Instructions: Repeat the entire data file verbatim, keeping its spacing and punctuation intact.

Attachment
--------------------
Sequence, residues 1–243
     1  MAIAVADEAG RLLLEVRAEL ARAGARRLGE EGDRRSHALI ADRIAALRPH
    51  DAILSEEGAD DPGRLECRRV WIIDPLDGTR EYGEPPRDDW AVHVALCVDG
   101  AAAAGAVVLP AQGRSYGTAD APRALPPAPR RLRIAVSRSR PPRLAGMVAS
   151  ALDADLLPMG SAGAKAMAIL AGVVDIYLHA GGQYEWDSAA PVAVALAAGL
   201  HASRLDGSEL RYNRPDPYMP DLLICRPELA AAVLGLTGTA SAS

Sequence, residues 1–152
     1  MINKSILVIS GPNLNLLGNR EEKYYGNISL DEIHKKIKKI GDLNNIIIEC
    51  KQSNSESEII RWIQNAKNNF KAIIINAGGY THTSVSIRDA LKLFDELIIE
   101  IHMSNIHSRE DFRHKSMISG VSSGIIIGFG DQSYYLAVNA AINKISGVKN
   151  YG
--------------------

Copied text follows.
Sequence, residues 1–243
     1  MAIAVADEAG RLLLEVRAEL ARAGARRLGE EGDRRSHALI ADRIAALRPH
    51  DAILSEEGAD DPGRLECRRV WIIDPLDGTR EYGEPPRDDW AVHVALCVDG
   101  AAAAGAVVLP AQGRSYGTAD APRALPPAPR RLRIAVSRSR PPRLAGMVAS
   151  ALDADLLPMG SAGAKAMAIL AGVVDIYLHA GGQYEWDSAA PVAVALAAGL
   201  HASRLDGSEL RYNRPDPYMP DLLICRPELA AAVLGLTGTA SAS

Sequence, residues 1–152
     1  MINKSILVIS GPNLNLLGNR EEKYYGNISL DEIHKKIKKI GDLNNIIIEC
    51  KQSNSESEII RWIQNAKNNF KAIIINAGGY THTSVSIRDA LKLFDELIIE
   101  IHMSNIHSRE DFRHKSMISG VSSGIIIGFG DQSYYLAVNA AINKISGVKN
   151  YG